Moreover, Loughner's list does not include George Orwell's 1984; but it does include Animal Farm. Though Orwell was a democratic socialist, he was no Communist and his novels oppose totalitarianism in any form, right- or left-wing. They do depict the individual opposed by a remorselessly oppressive group or state.

Yes, Loughner claims to have read The Communist Manifesto and Mein Kampf (I know of no book called Mein Kompf ; perhaps Mr. Martin has access to some list of Hitler's books no one else does). But any student of history should be familiar with both of these, and Loughner had been in Community College before being dismissed last year. Regardless, Loughner nowhere claims that either of these books are more special to him than any other on the list.

Does one have to point out that reading a book hardly means anyone believes in the ideas embodied in that book? Not only must one read such things, but one must act on them or express such beliefs in a positive way before we have some reason to say he is a "Communist" or a "Nazi." Moreover, Mein Kampf is not a work of liberalism -- it is a hateful screed from the farthest point of the right-wing, a vile mix of fascism, nationalism, and racism. It has become part of the Tea Party/American right-wing's mythology that Nazism was a leftist movement (not so oddly, the belief Nazism is liberal was widely argued by Ayn Rand and her followers long before this notion recently became acceptable in mainstream discourse).

That said, Loughner also lists The Wizard of Oz, The Phantom Toll Booth, and Plato's Republic and Meno as favorite books, as if all of these are somehow equal in value -- which they may have been to him. Or maybe not. All that is apparent from Loughner's list of books is that he claims to have read a few books and liked them. It does not show he understood any of them, was influenced by any of them. . . nothing. We will have to look elsewhere to see if Loughner exhibited any effects from having read any of these things before claiming there was an influence, negative or positive.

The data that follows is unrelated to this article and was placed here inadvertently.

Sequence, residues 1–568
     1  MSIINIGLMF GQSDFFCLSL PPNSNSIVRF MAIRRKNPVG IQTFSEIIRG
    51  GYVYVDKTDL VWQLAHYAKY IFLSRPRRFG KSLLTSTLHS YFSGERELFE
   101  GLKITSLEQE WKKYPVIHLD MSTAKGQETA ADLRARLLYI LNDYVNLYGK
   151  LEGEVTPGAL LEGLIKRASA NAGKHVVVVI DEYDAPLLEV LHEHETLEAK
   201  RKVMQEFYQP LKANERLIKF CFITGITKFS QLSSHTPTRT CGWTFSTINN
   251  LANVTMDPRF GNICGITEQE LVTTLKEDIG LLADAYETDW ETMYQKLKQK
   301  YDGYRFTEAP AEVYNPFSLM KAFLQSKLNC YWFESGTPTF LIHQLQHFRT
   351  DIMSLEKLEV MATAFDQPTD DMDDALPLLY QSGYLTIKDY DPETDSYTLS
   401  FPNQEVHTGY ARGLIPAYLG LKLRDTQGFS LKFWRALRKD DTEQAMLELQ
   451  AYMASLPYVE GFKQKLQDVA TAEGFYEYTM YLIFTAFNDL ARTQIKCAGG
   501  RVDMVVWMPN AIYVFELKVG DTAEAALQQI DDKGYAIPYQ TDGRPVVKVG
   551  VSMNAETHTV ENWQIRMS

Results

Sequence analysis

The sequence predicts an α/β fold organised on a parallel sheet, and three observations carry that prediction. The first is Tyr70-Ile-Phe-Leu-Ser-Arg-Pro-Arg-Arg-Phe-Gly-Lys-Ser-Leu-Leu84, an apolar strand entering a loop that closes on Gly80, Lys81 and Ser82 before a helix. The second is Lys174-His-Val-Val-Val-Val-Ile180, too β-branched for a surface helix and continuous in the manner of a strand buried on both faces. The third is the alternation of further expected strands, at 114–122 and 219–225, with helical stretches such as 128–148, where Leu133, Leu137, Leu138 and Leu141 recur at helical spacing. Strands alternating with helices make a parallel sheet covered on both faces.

The most telling thing about the reaction from the right, especially Fox News' attempt at a preemptive strike against the influence of Sheriff Dupnik's statements, is this: Dupnik at no time mentioned the right-wing as being the guilty party in influencing the murderer. He simply talked about "vitriol" from "the radio and some TV shows," about "racism," about "hatred," anger," and "bigotry" -- all of which have been problems in Arizona recently. But at no time did he mention any names, any political affiliations, any particular radio personalities or television networks. The right reacted without direct provocation -- and why? A sense of guilt their actions and words may have been involved in causing this disaster? Oversensitivity to even the appearance of criticism?

Or because vitriol, racism, hatred, anger, and bigotry have become the marks by which many people recognize ultra-conservatism in America? And because some pundits and influential people from that ideological quarter understand that rage based on fear is their bread and butter, the source of their power -- and they cannot tolerate any attempt to shut that down. . . much less question it?

III. Back To Tucson

Gabrielle Giffords had a difficult year in 2010. After supporting the Health Care Law and opposing the Arizona "Anti-Immigration Law," Sarah Palin placed Giffords' name on a list of people she wanted removed from office -- placing Rep. Giffords' district under crosshairs on the now infamous "Lock and Load" map. Soon thereafter, Giffords' office in Tucson was attacked, the door glass being either kicked in or shot out. The representative also received threats of all sorts, especially as the election approached.

As NPR reported:

"On Saturday, local Tea Party leaders released statements expressing condolences to the shooting victims' families. They also sought to distance their groups from any suggestion that Loughner was a Tea Party activist or that his attack was politically motivated.

"Giffords narrowly won a third term in November against Jesse Kelly, a Republican backed by the Tea Party. Last June, Kelly held an event promoted with the message: "Get on Target for Victory in November… Help remove Gabrielle Giffords from office… Shoot a fully automatic M16 with Jesse Kelly."

'"They're jumping to this conclusion that it has to do with [Giffords'] hotly contested Congressional race," Allyson Miller, a founder of Pima County Tea Party Patriots, told the website TalkingPointsMemo. "Well, apparently, from what I've seen so far ... it's looking like that's not the case."

"Miller and other Tea Party leaders said they won't change their aggressive tactics in the wake of the shootings." [by Corey Dade at NPR.org; Shooting Fallout: Political Rhetoric Takes The Heat; http://www.npr.org/2011/01/09/132784957/shooting-fallout-political-rhetoric-takes-the-heat ]

Regardless of whether Loughner was directly influenced by the November 2010 race, it remains the case that the Tea Party candidate was, after the violence and threats of the previous year, advertising himself using gun and shooting imagery -- "Get on Target for Victory in November… Help remove Gabrielle Giffords from office… Shoot a fully automatic M16 with Jesse Kelly."